A commonly accepted Incident Response process includes six phases: Preparation, Identification, Containment, Eradication, Recovery, and Lessons Learned. Preparation is key. It sets the foundation for a successful incident response. The incident responder does not want to be trying to figure out where to collect the information necessary to quickly assess the situation and to respond appropriately to the incident. Nor does the incident responder want to hope that the information he needs is available at the level of detail necessary to most effectively analyze the situation so he can make informed decisions on the best course of action. This paper identifies artifacts that are important to support network forensics during incident response and discusses an architecture and implementation for a home lab to support the collection of them. It then validates the architecture using an incident scenario.


  • Windows Installed Software Inventory by Jonathan Risto - September 7, 2016 in Critical Controls

    The 20 Critical Controls provide a guideline for the controls that need to be placed in our networks to manage and secure our systems. The second control states there should be a software inventory that contains the names and versions of the products for all devices within the infrastructure. The challenge for a large number of organizations is the ability to have accurate information available with minimal impact on tight IT budgets. This paper will discuss the Microsoft Windows command line tools that will gather this information, and provide example scripts that can be run by the reader.


  • Protect the Network from the Endpoint with the Critical Security Controls Analyst Paper
    by G. W. Ray Davidson, PhD - August 22, 2016 in Network Access Control

    The endpoint is rapidly evolving and often the first vector of attack into enterprises, according to the SANS 2016 State of Endpoint Security Survey. As such, all endpoints should be considered potentially hostile.


  • Configuring a NetScreen Firewall: Best practice guideline for the basic setup of a NetScreen firewal by Robert Bayley - April 14, 2002 in Firewalls & Perimeter Protection

    This paper will detail how to setup a NetScreen firewall using the command line configuration options.


  • Profiling Web Applications for Improved Intrusion Detection by Manuel Leos Rivas - September 7, 2016 in Intrusion Detection

    Web application firewalls using generic out of the box configurations work well for common vulnerabilities but lack the capability to address application-specific contexts. Due to this lack of context, it is difficult for the firewall to determine what it is good versus bad. In addition, several learning features of certain high-end devices are inaccessible to companies and individuals. This document provides a generic approach to protecting web applications using freely available software by configuring ModSecurity. This approach enables differentiation between what is acceptable for the application and what may be interesting for investigation purposes. The process for creating an application profile should be well documented, repeatable, verifiable and automated as much as possible to ease integration into the application development lifecycle.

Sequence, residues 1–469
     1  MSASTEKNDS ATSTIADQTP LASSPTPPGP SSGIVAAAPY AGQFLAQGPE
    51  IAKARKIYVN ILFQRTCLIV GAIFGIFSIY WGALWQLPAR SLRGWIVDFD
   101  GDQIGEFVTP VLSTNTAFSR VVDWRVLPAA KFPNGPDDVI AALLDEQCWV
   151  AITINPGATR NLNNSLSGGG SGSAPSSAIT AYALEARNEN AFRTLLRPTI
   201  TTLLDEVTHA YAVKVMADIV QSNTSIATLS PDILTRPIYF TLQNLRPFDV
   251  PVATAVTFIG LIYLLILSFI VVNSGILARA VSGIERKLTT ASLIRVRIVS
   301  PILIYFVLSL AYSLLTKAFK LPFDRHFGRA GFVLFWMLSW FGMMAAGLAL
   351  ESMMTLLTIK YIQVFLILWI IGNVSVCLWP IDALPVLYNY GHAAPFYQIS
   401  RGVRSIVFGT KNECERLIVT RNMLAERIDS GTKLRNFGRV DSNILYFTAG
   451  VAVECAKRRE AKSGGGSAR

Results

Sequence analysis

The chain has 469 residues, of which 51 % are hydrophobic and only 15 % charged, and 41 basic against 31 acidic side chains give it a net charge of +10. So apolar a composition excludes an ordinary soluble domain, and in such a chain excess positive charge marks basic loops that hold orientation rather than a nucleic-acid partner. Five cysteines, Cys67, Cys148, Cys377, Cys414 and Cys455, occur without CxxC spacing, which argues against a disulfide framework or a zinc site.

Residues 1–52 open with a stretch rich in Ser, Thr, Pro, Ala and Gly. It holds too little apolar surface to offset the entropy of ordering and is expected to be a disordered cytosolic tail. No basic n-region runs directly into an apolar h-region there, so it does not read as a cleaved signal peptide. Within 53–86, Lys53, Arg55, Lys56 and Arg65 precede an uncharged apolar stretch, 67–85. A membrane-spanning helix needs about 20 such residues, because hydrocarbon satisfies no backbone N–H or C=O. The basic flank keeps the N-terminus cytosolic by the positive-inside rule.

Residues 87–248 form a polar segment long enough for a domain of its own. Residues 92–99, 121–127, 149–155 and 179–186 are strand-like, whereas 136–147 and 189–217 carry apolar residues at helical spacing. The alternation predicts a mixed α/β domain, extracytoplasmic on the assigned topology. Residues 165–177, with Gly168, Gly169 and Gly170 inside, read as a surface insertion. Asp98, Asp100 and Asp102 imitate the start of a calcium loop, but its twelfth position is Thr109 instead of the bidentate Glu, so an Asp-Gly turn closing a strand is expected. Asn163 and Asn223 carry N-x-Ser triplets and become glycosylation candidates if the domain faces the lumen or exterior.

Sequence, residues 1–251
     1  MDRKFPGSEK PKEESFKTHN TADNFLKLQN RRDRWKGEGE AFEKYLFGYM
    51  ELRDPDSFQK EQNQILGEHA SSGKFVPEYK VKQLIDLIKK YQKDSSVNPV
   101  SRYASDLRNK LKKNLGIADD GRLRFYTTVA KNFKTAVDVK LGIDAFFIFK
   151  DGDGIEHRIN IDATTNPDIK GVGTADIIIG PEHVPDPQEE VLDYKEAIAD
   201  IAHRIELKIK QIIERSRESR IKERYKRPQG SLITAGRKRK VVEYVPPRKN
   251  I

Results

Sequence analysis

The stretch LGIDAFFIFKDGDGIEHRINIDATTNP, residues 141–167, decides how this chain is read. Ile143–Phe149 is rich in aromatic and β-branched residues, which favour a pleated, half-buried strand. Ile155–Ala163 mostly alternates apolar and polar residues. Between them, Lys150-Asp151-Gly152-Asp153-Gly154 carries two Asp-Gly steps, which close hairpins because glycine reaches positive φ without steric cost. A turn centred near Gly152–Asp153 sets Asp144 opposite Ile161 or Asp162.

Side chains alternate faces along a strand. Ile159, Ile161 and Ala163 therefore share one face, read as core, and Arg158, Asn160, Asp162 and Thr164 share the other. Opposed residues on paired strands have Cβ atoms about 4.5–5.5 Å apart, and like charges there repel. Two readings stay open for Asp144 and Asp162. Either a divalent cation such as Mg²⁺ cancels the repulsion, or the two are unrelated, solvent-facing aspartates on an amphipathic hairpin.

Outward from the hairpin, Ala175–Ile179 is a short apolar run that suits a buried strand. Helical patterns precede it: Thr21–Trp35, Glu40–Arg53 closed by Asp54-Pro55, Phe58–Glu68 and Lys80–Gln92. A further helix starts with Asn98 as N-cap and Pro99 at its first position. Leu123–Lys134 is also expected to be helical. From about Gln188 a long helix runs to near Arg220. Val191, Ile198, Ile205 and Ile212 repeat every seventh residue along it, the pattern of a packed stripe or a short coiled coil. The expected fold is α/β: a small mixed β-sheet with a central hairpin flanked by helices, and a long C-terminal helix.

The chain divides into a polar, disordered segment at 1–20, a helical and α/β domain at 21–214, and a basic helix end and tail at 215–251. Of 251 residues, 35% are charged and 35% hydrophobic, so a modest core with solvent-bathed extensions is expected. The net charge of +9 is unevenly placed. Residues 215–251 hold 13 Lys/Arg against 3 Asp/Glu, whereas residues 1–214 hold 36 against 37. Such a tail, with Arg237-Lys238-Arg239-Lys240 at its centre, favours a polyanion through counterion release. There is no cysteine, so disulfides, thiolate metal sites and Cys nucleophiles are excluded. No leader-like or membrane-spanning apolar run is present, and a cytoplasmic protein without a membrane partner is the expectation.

• Simple Approach to Access Control: Port Control and MAC Filtering by Bill Knaffl - August 22, 2016 in Network Access Control, Breaches, Critical Controls

    Many times businesses will spend time and money on "Magic Bullet" security and focus on a single technology or threat. This focus can lend itself more towards placing a "check in the box" for compliance rather than on actual security and facing today's threats. Frequently, missing controls can have a cascading effect where because one control was missing or inadequate, other failures occur turning a minor problem into a breach. This paper approaches one such incident, calls out which control was identified as the primary failure and offers an evaluation of a specific tool that could have helped prevent this attack. It covers not only the cost of the tool and the time to implement but discusses other costs such as training, monitoring, maintenance, user impact and offers a guide for a successful implementation.


  • An Overview of Threat and Risk Assessment by James Bayne - January 22, 2002 in Auditing & Assessment

    The purpose of this document is to provide an overview of the process involved in performing a threat and risk assessment


  • Implementing a Vulnerability Management Process by Tom Palmaers - April 9, 2013 in Threats/Vulnerabilities

    A vulnerability is defined in the ISO 27002 standard as "A weakness of an asset or group of assets that can be exploited by one or more threats" (International Organization for Standardization, 2005).


  • Know Thy Network - Cisco Firepower and Critical Security Controls 1 & 2 Masters
    by Ryan Firth - September 19, 2016 in Critical Controls

    Previously known as the SANS Top 20, the Critical Security Controls are based on real-world attack and security breach data from around the world, and are objectively the most effective technical controls against known cyber-attacks. Due to competing priorities and demands, however, organizations may not have the expertise to figure out how to implement and operationalize the Critical Security Controls in their environments. This paper will help bridge that gap for security and network teams using Cisco Firepower.


All papers are copyrighted. No re-posting or distribution of papers is permitted.

Masters - This paper was created by a SANS Technology Institute student as part of their Master's curriculum.